Conventional wisdom holds that bullies of the schoolyard variety grow up to be workplace tyrants. Doubtless some do, but the evidence for a clean bully-path from kindergarten to the board room isn’t terribly compelling. In fact most little bullies grow out of it quite naturally having discovered the advantages of socialization. The ones who don’t become school district superintendents. (Note: when I say school district superintendents I mean the entire dairy industry.) One more tip of the hat to CW: it’s said that bullies are insecure types. I don’t have statistics at hand, but it’s a good guess most are not uncertain or self-conscious since these dynamics require comic irony. Bullies are angry. Grown bullies are still angry. They’ve never had a molting period where their nursery rage finally falls off. (Imagine you could hear such a thing—you’re standing with a loosely affiliated group when you hear a clunk and a common enough looking guy with a man bun says: “Thank God! My toileting anger just dropped!”) Forgive me. It’s no joke, this business of unrepentant intimidators failing to grow up. From hate groups to fraternity parties, from fringe occupiers to vulgar staff meetings one sees the un-remediated and intolerant waving their arms. What interests me, and hence the motive for this disquisition, is when in America did adult bullying become fashionable, or more precisely, when did it again become voguish, for we know slavery and indentured servitude were built on bullying—so much was this the case, Thomas Jefferson’s family was eager to portray him after his death as the nation’s only “kind master.” The United States was founded on industrial scale bullying. Cruelty was always taught by school and plough. But when did it become OK to carry on in the public square as though one’s poorly individuated potty training and sand box bitterness over swiped toys is admissible as a component of civics?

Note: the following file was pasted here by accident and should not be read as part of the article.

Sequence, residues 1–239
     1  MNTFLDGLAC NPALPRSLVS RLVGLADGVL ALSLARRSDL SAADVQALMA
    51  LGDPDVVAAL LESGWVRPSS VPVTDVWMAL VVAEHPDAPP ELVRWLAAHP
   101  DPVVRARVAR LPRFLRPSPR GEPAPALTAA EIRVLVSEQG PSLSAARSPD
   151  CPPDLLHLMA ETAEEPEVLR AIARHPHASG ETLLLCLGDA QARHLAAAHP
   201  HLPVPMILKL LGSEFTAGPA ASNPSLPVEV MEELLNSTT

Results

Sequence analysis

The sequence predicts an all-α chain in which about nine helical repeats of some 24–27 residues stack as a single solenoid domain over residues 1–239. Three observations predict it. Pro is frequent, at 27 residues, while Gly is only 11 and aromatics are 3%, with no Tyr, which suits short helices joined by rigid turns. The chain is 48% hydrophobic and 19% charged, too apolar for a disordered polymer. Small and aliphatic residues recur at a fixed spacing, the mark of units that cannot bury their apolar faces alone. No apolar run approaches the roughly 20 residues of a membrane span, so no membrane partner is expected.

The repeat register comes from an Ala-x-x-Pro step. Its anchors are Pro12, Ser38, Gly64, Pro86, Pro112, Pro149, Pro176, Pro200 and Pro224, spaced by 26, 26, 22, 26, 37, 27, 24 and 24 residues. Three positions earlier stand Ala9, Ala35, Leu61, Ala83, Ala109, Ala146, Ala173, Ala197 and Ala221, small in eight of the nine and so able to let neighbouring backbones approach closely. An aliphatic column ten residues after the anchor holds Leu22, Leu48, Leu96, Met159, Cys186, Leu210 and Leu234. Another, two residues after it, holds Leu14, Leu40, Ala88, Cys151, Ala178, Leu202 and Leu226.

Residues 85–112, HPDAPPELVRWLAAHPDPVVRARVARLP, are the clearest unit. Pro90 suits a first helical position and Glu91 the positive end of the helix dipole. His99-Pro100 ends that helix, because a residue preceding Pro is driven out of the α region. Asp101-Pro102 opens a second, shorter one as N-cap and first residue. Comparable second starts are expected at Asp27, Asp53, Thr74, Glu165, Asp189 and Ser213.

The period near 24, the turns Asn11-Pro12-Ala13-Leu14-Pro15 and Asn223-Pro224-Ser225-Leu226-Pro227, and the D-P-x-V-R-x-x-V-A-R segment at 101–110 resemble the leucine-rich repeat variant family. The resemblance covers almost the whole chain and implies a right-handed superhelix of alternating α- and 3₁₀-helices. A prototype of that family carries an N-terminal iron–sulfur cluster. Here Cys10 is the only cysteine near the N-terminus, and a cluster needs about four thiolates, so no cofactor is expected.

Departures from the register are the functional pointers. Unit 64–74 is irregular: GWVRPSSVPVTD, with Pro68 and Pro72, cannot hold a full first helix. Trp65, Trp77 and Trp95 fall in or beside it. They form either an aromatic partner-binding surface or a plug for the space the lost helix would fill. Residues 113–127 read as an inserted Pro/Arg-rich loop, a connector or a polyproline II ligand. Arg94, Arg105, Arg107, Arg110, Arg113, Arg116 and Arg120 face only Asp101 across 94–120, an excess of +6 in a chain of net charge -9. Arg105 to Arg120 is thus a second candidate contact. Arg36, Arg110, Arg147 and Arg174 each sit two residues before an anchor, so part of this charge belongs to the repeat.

Silly. Of me. I’m disabled; my people were always being locked up just for how they looked or sounded; abused; catcalled; reduced to beggary; shelved; squashed; abandoned; branded. The tragedy of disability stories is consistent with tragedies written large across the American landscape. (And we’re the osmosis minority—we factor into every marginalized group. Native Americans have never had good health care or rehabilitation services; just to try find wheelchair repair in the inner cities.) A “big lock up” depends on the creation of, the ready availability of, bullies. I mean we should be clear. In these United States we’ve consistently had machinery for bully manufacturery, and more insidious is how we learn to shrug it off. In his classic novel Fahrenheit 451 Ray Bradbury wrote:
“Why aren’t you in school? I see you every day wandering around.”